Editable City Map of Washington D.C.
Detailed Washington D.C. (USA) Map In Vector File Format
Edit this accurate map in your own design software, like Adobe Illustrator. Your topographic plan at street level contains editable layers for each cartographic category like roads, buildings, rivers, points of interests et cetera. This Washington D.C. City (the District) Vector Map includes not only the city center, but the suburbs as well.
Only accept the most accurate map. Therefore, we take one working day to incorporate the latest changes in a city map. This is what makes Map Illustrators stand out from other suppliers.
Specifications of the Vector Washington D.C. City Map
- File format: Adobe Illustrator CC, other file formats like .jpg, .pdf, .png or .eps are available on request
- File size: 7 MB
- Scale: 1:6.000
- Publishing date: 2020
- Online delivery period: by downloadable link
- Save money: save tremendous time and money designing or printing your own city map
- No surprises: up-to-date, complete and high-resolution cartography
- High quality: scale, crop or zoom to virtually any size without loss in detail or quality
- Copyright free: buy once, use as much as possible
- No risk: 30 days money back guarantee, no questions, no hassle
Washington D.C. facts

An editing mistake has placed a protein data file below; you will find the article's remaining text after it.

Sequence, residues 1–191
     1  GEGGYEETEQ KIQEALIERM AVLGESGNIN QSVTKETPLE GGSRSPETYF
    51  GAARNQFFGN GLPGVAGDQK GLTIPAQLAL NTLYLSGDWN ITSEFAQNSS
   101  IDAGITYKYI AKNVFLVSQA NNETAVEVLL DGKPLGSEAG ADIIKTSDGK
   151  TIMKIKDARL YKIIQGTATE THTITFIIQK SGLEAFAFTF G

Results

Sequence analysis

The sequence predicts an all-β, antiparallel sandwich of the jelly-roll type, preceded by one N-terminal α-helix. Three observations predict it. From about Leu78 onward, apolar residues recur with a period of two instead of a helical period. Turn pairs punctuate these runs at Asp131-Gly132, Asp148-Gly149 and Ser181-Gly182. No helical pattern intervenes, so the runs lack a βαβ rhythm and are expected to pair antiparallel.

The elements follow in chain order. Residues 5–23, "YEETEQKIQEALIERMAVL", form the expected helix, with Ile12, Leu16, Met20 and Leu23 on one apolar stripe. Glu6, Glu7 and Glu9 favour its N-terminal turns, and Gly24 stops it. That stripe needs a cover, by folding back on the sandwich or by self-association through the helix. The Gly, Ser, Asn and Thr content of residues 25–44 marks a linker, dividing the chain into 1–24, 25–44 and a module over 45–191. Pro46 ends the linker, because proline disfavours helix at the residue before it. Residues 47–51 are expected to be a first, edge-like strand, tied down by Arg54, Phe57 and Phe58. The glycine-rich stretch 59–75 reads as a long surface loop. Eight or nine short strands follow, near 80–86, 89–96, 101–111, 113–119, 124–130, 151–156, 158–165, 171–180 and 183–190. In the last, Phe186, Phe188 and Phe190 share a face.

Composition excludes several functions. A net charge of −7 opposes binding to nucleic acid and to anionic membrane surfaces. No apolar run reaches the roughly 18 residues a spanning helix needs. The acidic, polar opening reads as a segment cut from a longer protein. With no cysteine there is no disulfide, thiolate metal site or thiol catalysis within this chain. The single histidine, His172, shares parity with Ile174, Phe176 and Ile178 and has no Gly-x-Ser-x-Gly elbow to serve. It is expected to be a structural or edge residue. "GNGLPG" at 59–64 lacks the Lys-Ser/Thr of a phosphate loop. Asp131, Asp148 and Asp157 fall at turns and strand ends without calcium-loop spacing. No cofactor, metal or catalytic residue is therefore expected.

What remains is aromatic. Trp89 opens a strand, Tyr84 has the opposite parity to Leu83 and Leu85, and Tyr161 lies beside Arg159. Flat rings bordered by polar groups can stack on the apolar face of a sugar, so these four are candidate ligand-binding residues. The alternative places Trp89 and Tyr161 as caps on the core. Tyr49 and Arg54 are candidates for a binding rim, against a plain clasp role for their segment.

Washington, D.C., is located in the mid-Atlantic region of the U.S. East Coast. Due to the District of Columbia retrocession, the city has a total area of 68.34 square miles (177.0 km2), of which 61.05 square miles (158.1 km2) is land and 7.29 square miles (18.9 km2) (10.67%) is water. The District is bordered by Montgomery County, Maryland, to the northwest; Prince George's County, Maryland, to the east; and Arlington and Alexandria, Virginia, to the south and west. The south bank of the Potomac River forms the District's border with Virginia and has two major tributaries: the Anacostia River and Rock Creek. Tiber Creek, a natural watercourse that once passed through the National Mall, was fully enclosed underground during the 1870s. The creek also formed a portion of the now-filled Washington City Canal, which allowed passage through the city to the Anacostia River from 1815 until the 1850s. The Chesapeake and Ohio Canal starts in Georgetown and was used during the 19th century to bypass the Little Falls of the Potomac River, located at the northwest edge of Washington at the Atlantic Seaboard fall line. The highest natural elevation in the District is 409 feet (125 m) above sea level at Fort Reno Park in upper northwest Washington. The lowest point is sea level at the Potomac River. The geographic centre of Washington is near the intersection of 4th and L Streets NW. Contrary to the urban legend, Washington was not built on a reclaimed swamp, but wetlands did cover areas along the water. The District has 7,464 acres (30.21 km2) of parkland, about 19% of the city's total area and the second-highest percentage among high-density U.S. cities. The National Park Service manages most of the 9,122 acres (36.92 km2) of city land owned by the U.S. government. Rock Creek Park is a 1,754-acre (7.10 km2) urban forest in Northwest Washington, which extends 9.3 miles (15.0 km) through a stream valley that bisects the city. Established in 1890, it is the country's fourth-oldest national park and is home to a variety of plant and animal species including raccoon, deer, owls, and coyotes. Other National Park Service properties include the C&O Canal National Historical Park, the National Mall and Memorial Parks, Theodore Roosevelt Island, Columbia Island, Fort Dupont Park, Meridian Hill Park, Kenilworth Park and Aquatic Gardens, and Anacostia Park.The D.C. Department of Parks and Recreation maintains the city's 900 acres (3.6 km2) of athletic fields and playgrounds, 40 swimming pools, and 68 recreation centers. The U.S. Department of Agriculture operates the 446-acre (1.80 km2) U.S. National Arboretum in Northeast Washington.